However, real-time monitoring and feedback control cannot correct flawed designs or processes. Heigel explained that the process must be improved to minimize variability, and the build strategies must be designed to optimize the process. The importance of modeling and validation efforts toward achieving this goal cannot be overstated. In addition, an improved understanding of the relationship between defects and real-time monitoring signals must be developed. This requires improvements to the post-process detection of defects and consideration of how the real-time data are processed and stored. Finally, metrology improvements, such as better calibration of the sensors, will play an important role in allowing data acquired across machines to be compared.
During the question and answer portion of this presentation, a participant asked Heigel what to do if a defect is detected during the monitoring
process. Should the part be discarded or is there a way to fix it? Heigel responded that, first, one has to identify the type of defect accurately and determine whether it is fixable. For example, it may be possible to re-scan a pore relatively close to the surface and to release the associated void, but a part with a crack may have to be discarded. Real-time monitoring can help determine whether a defective part should be discarded, corrected, or ignored.
Workshop co-chair Wing Kam Liu (Northwestern University) asked about the challenges of powder-bed technologies versus multiple-head machines. Heigel said that NIST focuses on powder-bed systems due to limited resources. While both are being used in industry, the focus tends to be on powder-bed technologies. Heigel emphasized that both methods have important considerations and would benefit from additional research. He noted that there are some challenges in powder-bed versus directed energy deposition. For example, ultrasonic measurements tend to be transferrable, but differences in process speed can create different sized melt pools and cause a different formation. Also, differences in the plumes and powder delivery result in different types of problems in powder-bed and multiple-head technologies. Lessons learned from measurement science about different optimal sensors, ultrasonics, and acoustics could be applied to both technologies.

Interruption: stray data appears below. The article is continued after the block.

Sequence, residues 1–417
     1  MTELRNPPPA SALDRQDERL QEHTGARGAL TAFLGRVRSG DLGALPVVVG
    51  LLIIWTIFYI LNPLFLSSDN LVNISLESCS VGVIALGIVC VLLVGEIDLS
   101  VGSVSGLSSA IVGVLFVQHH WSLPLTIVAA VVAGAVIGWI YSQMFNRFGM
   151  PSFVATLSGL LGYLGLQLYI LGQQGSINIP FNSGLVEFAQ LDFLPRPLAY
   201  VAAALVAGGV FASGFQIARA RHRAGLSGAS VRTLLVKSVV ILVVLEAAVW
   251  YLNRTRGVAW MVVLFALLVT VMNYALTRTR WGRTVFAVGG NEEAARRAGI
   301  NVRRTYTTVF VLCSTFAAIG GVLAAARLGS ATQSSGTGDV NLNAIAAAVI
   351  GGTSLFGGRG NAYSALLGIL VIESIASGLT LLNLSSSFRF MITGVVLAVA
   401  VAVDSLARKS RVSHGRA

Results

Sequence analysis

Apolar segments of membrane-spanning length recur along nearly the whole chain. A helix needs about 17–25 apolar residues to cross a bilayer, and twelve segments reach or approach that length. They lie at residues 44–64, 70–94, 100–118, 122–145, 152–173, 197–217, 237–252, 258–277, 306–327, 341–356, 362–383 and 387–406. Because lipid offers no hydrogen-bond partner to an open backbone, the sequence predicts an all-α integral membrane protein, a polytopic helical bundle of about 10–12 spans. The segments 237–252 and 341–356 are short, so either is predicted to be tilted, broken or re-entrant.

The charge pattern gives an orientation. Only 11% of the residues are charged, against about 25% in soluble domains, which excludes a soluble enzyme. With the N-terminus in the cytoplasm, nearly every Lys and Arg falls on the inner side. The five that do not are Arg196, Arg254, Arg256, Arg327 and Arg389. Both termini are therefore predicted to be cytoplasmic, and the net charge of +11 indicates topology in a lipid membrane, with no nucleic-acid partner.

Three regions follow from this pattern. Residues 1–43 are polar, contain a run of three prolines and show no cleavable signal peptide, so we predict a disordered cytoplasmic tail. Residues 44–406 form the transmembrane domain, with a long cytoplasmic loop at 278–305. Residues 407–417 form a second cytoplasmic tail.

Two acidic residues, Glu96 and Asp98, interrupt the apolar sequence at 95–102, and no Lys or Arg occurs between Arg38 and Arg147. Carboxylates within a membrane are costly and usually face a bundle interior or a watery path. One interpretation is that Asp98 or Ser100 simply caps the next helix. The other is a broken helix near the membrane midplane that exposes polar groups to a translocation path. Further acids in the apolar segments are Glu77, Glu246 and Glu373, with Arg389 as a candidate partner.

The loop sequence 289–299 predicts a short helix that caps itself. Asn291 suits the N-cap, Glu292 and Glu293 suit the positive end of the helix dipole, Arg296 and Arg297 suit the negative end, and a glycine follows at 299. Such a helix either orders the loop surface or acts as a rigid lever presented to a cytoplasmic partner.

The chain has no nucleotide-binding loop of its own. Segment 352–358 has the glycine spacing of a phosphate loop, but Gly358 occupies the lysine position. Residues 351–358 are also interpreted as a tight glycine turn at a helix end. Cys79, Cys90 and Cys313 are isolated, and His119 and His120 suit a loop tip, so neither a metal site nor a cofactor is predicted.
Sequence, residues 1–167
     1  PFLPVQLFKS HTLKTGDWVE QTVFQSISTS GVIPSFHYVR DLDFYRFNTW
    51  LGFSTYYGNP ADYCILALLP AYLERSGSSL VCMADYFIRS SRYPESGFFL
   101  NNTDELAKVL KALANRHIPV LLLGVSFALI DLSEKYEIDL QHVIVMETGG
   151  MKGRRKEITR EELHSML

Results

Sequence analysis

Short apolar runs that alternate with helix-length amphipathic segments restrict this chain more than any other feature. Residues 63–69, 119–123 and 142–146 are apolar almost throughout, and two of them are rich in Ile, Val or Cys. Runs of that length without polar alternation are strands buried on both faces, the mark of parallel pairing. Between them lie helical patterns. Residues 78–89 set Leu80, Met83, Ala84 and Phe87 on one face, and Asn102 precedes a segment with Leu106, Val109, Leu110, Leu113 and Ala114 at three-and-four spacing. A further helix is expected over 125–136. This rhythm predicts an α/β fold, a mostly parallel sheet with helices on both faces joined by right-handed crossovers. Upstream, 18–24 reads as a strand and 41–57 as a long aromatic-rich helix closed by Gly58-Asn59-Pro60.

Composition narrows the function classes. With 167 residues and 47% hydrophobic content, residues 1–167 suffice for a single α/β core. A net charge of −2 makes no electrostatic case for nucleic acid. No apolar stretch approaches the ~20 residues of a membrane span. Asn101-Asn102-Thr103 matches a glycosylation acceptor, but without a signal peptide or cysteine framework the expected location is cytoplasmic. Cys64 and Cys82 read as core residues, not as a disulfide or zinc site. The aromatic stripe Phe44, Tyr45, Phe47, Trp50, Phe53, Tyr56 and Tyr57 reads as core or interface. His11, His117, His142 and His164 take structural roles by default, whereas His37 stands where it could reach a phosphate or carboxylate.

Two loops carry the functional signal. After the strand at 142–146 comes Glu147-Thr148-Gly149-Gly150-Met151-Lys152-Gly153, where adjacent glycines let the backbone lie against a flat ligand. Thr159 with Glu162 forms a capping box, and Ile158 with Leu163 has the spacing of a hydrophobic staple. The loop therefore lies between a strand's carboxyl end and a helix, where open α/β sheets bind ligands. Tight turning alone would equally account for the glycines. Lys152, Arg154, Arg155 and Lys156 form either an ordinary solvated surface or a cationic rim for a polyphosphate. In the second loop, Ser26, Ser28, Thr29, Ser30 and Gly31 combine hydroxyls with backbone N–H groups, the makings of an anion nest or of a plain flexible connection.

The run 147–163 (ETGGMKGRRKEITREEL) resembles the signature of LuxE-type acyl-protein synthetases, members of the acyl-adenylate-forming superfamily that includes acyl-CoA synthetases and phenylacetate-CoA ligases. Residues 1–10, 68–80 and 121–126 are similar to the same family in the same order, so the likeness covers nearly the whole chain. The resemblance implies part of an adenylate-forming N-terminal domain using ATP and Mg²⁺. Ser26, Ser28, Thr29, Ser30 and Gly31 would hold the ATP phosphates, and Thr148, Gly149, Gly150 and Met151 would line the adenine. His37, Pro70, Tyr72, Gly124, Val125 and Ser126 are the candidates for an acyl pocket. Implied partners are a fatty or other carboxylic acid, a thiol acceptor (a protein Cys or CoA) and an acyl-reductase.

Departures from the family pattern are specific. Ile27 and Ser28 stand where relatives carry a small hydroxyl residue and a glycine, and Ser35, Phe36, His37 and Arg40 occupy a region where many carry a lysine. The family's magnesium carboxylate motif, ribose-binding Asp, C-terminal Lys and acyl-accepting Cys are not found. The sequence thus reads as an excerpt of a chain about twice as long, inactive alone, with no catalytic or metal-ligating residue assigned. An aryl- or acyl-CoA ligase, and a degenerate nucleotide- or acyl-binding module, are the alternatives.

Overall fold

Marvin Siewert, University of Bremen
Siewert began by explaining four competences in AM: (1) part design (e.g., topology optimization, residual stress and distortion, compensation of distortion), (2) pre-processing (e.g., part orientation, support structures, nesting of parts), (3) process (e.g., scan strategies, thermal management, microstructure properties), and (4) post treatment (e.g., hot isostatic pressing, milling, heat treatment). He provided several examples of how these competences work together in practice.
The first example was a simulation of residual stress and distortion. The classical thermomechanical approach calculates the temperature field using the initial condition and suitable boundary conditions. Next, thermal strains and force equilibrium are calculated at several time steps. Siewert noted that while this approach can be informative, it can also be difficult to calibrate and validate as well as time-consuming and cost-intensive to run. In contrast, the mechanical process equivalent method requires inserting the inherent strains of the union of multiple layers as loads into a mechanical calculation. This approach can be calibrated more